In any case, when Mr. Bush told the press after the presidents' one-on-one meeting that he had criticized Mr. Putin on the quality of Russian democracy, Mr. Putin zinged back that he hoped Mr. Bush didn't want to bring to Russia the kind of democracy the United States had brought to Iraq.

Completing the verbal rout of Mr. Bush at St. Petersburg, someone left a microphone turned on while he chatted at lunch Monday with other leaders, including British Prime Minister Tony Blair. In what sounded like teen-speak, including an obscenity and an inaccurate suggestion that Syria, rather than Iran, is Hezbollah's principal international supporter, Mr. Bush made it clear that he was eager to see the summit end so he could go home.

The other issue that pushed itself to the top of the summit agenda was the new war in the Middle East, on top of the continuing hot war in Iraq that is now being waged not only between the anti-occupation insurgents and the Americans and the Iraqi government but also between sectarian groups among Iraqis.

The question in St. Petersburg is who is going to take charge of trying to bring to an end the fighting between the Israelis and Hezbollah, which is resulting in heavy damage in Lebanon and some in Israel as well. The only two world leaders to step forward so far are U.N. Secretary-General Kofi Annan and British Prime Minister Blair, although French President Jacques Chirac is sending his prime minister, Dominique de Villepin, to Lebanon to look at the situation.

All parties at St. Petersburg were clearly looking to the United States to take the lead, given its strong influence with Israel. Mr. Bush in his open-microphone remarks indicated that he would likely be sending Secretary of State Condoleezza Rice to the region, but did not indicate when. In the meantime, casualties and damage levels are rising precipitously.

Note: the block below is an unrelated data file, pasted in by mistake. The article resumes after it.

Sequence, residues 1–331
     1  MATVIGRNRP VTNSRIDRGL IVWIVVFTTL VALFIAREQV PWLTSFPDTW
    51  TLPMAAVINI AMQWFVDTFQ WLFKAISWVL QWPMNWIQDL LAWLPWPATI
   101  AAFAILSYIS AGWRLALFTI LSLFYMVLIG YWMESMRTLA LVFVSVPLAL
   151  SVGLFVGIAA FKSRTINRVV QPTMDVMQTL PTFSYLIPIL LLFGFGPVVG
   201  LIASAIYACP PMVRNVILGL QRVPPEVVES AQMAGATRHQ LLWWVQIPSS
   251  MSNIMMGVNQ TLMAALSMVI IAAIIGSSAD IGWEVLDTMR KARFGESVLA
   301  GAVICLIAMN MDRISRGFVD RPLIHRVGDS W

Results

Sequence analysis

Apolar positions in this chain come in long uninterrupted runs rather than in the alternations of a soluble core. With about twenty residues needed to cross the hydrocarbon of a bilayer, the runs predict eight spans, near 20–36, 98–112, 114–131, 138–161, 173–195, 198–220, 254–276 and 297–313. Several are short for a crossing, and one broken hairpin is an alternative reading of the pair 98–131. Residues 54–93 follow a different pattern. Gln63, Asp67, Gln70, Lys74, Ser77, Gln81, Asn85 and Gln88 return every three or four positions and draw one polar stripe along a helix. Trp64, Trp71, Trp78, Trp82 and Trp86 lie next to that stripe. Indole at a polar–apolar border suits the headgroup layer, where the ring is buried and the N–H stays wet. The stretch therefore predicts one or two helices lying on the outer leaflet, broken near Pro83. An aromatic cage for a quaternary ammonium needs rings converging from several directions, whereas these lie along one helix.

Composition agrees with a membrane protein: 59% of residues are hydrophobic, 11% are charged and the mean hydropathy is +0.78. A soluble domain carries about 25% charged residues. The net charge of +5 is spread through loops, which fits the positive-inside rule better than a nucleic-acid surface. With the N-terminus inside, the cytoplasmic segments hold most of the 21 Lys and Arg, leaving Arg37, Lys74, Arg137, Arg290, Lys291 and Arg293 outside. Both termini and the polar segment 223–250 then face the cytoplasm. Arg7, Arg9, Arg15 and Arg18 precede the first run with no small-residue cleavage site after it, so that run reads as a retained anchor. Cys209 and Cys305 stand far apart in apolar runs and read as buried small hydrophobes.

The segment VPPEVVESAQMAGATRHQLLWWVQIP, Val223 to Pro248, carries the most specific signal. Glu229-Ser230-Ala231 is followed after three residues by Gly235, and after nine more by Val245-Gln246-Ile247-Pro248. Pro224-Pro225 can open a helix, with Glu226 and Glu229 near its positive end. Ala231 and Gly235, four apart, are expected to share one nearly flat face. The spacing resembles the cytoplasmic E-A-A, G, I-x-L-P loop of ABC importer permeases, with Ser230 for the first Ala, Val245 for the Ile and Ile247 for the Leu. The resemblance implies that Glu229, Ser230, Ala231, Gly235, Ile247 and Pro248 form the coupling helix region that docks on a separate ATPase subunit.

A number of big questions did not get dealt with at St. Petersburg, either because of the increasingly poisonous relationship between the United States and Russia or because of the pressing demands of other issues, such as the Middle Eastern wars.

One was membership in the G-8 for China, which now has the world's fourth-largest economy. That would make the group the G-9. Another, a source of considerable distress to Mr. Putin, was the fact that differences between the United States and Russia that are preventing Russia from joining the World Trade Organization were not resolved in advance of the summit, as they were expected to be.

As far as the agenda items energy, disease and education were concerned, it may be that something was accomplished at the technical level, which is to say, below the Mr. Bush and Mr. Putin level, but nothing dramatic seems to have emerged. As far as Mr. Bush the guest is concerned, Mr. Putin will probably be glad that the next time Russia hosts the G-8 -- or G-9 by then -- both he and Mr. Bush will be out of office.